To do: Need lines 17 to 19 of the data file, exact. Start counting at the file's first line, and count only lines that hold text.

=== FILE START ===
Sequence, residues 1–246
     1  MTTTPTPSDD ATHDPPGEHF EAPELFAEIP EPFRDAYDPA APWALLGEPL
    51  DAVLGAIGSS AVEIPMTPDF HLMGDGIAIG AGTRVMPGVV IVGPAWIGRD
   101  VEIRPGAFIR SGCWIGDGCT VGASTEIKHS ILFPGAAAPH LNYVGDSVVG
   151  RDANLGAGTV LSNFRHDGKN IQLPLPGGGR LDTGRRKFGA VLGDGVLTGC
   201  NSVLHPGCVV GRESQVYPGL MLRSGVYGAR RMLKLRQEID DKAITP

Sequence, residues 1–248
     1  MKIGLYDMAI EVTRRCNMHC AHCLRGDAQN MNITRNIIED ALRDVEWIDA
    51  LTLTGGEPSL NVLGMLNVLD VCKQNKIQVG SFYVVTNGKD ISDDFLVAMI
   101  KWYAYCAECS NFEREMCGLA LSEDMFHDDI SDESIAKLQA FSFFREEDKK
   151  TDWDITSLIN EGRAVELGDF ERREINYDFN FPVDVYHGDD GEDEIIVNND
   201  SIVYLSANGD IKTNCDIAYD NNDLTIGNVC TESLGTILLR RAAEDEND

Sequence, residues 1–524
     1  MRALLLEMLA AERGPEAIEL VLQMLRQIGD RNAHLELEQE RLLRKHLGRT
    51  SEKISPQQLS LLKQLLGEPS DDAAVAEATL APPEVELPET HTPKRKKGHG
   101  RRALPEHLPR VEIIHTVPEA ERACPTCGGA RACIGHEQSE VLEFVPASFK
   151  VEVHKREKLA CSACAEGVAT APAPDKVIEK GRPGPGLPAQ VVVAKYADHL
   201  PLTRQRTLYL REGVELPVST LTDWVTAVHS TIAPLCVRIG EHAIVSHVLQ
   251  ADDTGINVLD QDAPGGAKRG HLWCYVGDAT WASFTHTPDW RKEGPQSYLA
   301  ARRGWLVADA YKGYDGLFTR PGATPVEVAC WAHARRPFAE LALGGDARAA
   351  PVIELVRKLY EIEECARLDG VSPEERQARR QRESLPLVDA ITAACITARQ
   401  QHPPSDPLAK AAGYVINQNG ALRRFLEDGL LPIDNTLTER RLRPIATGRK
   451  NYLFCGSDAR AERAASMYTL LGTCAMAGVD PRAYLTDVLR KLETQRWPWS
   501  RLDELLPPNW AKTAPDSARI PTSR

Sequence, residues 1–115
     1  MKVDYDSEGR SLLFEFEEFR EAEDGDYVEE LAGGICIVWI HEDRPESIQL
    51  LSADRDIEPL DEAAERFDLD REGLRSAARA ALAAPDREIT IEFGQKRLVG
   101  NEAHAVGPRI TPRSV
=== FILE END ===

   151  VEVHKREKLA CSACAEGVAT APAPDKVIEK GRPGPGLPAQ VVVAKYADHL
   201  PLTRQRTLYL REGVELPVST LTDWVTAVHS TIAPLCVRIG EHAIVSHVLQ
   251  ADDTGINVLD QDAPGGAKRG HLWCYVGDAT WASFTHTPDW RKEGPQSYLA